Patient matching challenge and UPIs
We should look at UPIs, not as the solution, but as one more tool to help with patient matching. It is not a magic elixir that will completely cure the challenges posed by duplicate records because:
- It will likely take a dozen years to assign a UPI to everyone in the country (look at the time it took Medicare to design and distribute its new Medicare number to 60M well-known, high-utilizing, registered individuals.)
- UPIs will be very expensive to distribute and maintain (look how many people are dedicated to managing driver’s licenses and the length of DMV lines.)
- It will take at least a generation for the new UPI numbers to permeate the immense installed base of medical records at thousands of healthcare systems and payers across the country, and for older medical records without UPIs to be retired as a generation deceases.
And all of these sober predictions pre-suppose that we do everything right when setting up the UPI program for the first time… fat chance!
The theory behind a UPI is that once a person receives it, it will be inserted into all of her medical records everywhere, and she will present it every time she seeks medical services. This will then allow all of her medical records to be automatically linked within and across health systems with unambiguous precision.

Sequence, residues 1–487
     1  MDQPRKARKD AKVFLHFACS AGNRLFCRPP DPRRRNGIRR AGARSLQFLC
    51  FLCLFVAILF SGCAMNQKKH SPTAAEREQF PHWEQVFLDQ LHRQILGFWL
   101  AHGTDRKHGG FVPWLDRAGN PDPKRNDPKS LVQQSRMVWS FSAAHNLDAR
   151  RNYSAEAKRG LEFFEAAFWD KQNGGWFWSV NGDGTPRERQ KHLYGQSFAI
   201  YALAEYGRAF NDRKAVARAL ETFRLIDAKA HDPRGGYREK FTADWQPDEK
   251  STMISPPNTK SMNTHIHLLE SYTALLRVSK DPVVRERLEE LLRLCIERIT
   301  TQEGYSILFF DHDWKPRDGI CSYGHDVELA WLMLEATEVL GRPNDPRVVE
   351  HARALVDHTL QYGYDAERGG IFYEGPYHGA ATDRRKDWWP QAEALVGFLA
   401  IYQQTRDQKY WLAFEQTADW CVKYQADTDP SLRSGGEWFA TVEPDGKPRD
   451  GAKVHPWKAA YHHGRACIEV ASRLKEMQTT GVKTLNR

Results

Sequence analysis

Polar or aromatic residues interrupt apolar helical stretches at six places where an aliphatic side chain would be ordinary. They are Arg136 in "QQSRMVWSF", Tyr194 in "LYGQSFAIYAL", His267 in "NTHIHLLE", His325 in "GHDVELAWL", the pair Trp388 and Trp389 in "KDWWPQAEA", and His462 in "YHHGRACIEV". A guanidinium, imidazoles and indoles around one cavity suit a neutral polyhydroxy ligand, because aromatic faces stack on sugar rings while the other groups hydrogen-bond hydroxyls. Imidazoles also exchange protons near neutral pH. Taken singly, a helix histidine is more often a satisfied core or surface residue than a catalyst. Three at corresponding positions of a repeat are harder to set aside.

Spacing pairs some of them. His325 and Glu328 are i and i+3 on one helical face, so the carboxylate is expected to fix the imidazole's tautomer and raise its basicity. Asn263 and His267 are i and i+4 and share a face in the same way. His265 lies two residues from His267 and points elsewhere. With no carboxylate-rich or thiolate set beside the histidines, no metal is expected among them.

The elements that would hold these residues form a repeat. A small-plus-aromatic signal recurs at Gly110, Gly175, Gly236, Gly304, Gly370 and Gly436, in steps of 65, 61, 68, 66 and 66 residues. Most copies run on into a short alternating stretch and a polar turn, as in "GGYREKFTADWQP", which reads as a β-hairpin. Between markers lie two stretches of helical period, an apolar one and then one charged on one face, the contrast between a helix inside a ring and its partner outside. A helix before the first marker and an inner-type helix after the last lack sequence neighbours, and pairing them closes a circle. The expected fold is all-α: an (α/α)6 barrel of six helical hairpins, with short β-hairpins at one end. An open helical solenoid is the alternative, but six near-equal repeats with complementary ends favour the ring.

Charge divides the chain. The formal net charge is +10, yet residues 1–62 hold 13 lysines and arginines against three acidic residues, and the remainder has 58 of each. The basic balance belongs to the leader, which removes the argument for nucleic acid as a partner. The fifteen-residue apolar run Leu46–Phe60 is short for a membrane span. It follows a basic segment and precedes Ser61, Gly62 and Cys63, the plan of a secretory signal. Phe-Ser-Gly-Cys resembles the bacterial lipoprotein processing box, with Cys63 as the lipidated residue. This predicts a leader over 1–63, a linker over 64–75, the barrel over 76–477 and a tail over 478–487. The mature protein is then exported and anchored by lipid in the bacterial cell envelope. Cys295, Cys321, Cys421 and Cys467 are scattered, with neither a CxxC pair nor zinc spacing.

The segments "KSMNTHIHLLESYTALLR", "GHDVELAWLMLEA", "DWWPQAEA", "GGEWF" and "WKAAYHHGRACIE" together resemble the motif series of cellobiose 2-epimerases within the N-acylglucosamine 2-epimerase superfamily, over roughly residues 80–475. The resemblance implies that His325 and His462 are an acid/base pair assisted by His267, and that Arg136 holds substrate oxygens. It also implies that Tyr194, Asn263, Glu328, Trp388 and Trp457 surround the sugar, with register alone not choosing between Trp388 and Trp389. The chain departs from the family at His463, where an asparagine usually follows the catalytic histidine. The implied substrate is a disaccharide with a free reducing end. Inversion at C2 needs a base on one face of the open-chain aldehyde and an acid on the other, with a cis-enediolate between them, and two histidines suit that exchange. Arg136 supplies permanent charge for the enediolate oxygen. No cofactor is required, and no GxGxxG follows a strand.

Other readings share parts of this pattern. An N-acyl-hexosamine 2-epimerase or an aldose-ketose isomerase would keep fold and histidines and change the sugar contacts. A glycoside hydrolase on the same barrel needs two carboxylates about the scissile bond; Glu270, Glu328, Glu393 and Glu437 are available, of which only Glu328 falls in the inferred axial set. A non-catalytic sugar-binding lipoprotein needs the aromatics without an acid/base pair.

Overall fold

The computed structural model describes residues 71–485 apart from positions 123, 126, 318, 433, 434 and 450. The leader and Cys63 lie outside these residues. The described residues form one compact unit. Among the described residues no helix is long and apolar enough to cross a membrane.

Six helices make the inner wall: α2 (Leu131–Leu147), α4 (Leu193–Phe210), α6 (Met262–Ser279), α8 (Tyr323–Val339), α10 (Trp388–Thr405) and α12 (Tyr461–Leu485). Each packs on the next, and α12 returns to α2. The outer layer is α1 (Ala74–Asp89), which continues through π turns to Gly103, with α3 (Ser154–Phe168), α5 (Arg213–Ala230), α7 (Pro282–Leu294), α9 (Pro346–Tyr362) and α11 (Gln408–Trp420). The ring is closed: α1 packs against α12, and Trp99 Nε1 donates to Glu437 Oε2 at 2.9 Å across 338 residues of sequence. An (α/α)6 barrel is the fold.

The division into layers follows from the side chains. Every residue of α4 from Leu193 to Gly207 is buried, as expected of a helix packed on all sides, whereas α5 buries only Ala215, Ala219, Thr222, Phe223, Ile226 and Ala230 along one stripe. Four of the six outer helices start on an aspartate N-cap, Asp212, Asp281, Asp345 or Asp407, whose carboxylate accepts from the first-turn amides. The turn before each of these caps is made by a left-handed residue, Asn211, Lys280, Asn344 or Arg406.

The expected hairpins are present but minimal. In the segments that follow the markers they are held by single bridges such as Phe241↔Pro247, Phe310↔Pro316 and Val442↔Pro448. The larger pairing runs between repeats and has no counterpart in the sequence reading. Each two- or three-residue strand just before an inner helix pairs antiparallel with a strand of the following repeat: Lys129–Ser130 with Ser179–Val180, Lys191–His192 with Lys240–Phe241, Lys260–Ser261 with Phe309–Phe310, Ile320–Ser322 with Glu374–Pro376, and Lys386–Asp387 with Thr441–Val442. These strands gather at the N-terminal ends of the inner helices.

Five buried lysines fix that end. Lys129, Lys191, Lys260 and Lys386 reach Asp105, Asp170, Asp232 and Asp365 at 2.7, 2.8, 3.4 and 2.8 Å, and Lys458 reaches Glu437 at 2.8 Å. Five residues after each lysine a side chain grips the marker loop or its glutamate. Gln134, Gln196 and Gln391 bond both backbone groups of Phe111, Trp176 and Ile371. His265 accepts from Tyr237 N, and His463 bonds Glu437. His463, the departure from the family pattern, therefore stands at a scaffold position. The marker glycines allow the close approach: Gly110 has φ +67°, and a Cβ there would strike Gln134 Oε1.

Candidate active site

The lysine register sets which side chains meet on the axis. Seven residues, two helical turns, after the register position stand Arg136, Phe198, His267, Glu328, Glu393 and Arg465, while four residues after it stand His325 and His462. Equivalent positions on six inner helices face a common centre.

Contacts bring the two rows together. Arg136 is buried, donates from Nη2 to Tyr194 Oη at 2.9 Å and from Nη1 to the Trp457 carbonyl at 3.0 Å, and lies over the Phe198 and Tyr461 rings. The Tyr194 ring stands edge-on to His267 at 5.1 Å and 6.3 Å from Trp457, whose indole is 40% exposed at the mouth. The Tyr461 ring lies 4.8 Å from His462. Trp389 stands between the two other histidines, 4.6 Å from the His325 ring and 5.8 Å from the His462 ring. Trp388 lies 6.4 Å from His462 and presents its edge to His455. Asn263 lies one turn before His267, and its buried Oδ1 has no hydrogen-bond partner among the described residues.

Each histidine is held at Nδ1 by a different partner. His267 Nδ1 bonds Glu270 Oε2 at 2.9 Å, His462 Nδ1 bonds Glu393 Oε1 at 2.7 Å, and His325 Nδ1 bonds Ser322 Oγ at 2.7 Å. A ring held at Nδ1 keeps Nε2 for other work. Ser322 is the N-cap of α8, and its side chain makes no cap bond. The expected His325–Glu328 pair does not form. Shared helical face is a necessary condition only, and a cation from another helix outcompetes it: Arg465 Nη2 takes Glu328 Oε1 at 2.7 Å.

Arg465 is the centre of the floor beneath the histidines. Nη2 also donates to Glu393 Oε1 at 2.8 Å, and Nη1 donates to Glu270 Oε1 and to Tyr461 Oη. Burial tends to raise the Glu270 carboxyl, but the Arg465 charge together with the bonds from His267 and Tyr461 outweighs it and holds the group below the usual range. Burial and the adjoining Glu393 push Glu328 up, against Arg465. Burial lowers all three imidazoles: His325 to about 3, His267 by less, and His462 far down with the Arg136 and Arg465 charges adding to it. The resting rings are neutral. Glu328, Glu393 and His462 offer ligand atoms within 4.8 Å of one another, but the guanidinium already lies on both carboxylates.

Our experience tells us otherwise. There have already been unique identifiers issued on a national level, e.g. Social Security numbers, Medicare Beneficiary ID numbers, etc., that still do not achieve perfect match rates. These numbers are stolen, not remembered, wrongly transcribed, mishandled in processing, and abused by their owners. Think of how many times your simple loyalty card number has failed to associate all of your purchases to you. Thus, we know that any issued number cannot be relied upon just by itself. Numbers will help, just like phone numbers and email addresses will help, but it will take 20 years for the UPIs to be in enough hands, in enough EHRs, in enough health systems, enough claims systems at enough payers, in enough government systems, and embedded in enough medical records to make all the difference.